The NAFTA is an economic structural change in the region. It aims to intensify the regional trade, eliminating the tariff and non tariff barriers and expanding liberalization in investment and other policies. The trade relationship between the U.S. and Canada has altered little by the NAFTA while it has major effects on the trade relationship between the U.S. and Mexico. In my project, the linkages of trade liberalization, economic growth, and poverty reduction in Mexico will be addressed.
Firstly, the project will investigate the predictions made by NAFTA and then it will examine how much of the predictions have been realized in the region. My project will focus on the changes in average output and income as well as the directions of the changes and magnitudes. This findings will enable us to say whether the Mexican economy follows the so called ‘openness- growth’ path. If so, then, whether the output and income changes are sustainable or not? Secondly, my project will investigate the sectoral distribution of the output and income changes in the Mexican economy. This can identify the sectors which are mostly benefitted from the liberalization and whether those affected sectors can contribute to the long term changes in aggregate output and income of the economy.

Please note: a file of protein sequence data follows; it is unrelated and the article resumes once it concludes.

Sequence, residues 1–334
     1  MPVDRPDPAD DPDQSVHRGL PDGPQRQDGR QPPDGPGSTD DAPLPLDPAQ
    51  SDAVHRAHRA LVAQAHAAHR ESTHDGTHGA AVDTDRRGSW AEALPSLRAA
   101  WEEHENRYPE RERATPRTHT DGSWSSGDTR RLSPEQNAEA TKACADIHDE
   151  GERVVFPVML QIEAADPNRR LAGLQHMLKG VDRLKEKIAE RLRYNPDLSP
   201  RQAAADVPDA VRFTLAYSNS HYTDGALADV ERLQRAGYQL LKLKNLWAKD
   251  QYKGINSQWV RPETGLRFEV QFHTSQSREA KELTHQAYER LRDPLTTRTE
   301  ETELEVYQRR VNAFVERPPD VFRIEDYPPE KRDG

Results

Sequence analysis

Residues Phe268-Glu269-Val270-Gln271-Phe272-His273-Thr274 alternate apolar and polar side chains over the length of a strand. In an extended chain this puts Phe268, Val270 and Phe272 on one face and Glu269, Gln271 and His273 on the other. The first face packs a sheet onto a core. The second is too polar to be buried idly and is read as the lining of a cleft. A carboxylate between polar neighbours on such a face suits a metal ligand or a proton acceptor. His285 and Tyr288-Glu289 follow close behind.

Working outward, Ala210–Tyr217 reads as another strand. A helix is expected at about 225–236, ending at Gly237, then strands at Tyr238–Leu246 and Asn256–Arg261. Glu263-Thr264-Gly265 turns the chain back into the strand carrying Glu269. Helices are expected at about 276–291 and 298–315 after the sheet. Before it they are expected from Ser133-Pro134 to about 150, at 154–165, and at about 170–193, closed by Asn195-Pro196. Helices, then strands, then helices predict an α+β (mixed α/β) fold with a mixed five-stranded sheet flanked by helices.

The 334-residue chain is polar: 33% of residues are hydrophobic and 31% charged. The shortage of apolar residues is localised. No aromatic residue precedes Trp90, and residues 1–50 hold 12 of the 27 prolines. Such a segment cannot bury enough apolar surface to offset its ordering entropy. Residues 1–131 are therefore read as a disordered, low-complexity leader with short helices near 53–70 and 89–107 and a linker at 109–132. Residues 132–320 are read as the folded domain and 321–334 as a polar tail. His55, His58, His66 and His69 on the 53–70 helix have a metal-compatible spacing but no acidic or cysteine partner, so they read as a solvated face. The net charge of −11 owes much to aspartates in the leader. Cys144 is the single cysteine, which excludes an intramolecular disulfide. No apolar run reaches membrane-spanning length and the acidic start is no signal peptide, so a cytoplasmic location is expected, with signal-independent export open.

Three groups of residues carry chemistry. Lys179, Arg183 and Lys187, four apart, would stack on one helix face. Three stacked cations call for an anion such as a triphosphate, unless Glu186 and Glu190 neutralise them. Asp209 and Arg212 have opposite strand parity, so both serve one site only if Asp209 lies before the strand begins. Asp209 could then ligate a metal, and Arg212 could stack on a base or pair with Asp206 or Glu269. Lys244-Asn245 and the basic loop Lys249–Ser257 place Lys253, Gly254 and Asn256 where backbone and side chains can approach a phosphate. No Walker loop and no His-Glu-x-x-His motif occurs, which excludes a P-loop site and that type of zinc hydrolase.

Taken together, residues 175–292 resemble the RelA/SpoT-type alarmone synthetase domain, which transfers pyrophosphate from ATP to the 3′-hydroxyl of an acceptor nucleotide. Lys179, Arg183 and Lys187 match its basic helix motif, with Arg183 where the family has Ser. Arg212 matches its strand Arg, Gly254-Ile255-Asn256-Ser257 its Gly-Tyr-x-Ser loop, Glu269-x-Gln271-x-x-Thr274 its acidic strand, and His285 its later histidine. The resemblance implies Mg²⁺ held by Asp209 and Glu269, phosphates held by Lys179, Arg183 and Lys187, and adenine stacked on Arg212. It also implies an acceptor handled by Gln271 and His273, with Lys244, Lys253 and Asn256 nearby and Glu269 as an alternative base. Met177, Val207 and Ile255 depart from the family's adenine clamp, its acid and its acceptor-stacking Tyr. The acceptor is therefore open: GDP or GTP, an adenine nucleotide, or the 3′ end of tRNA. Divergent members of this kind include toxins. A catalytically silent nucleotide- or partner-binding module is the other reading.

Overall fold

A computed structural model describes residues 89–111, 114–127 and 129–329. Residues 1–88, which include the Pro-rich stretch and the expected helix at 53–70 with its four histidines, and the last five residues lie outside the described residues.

Lastly, my project will analyze the functional distribution of output and income and check whether NAFTA has increased poverty in Mexico. Changes in real wage, wage gap between skilled and unskilled labor, quality of jobs and labor standard issues are to be addressed in order to examine the poverty situation. My project will provide an assessment of the trade adjustment costs and policy tools to ease the adjustments. The policy implications of this project can include future guidelines for designing the trade adjustment policies at a lowest cost of the economy to compensate those who lose from freer trade.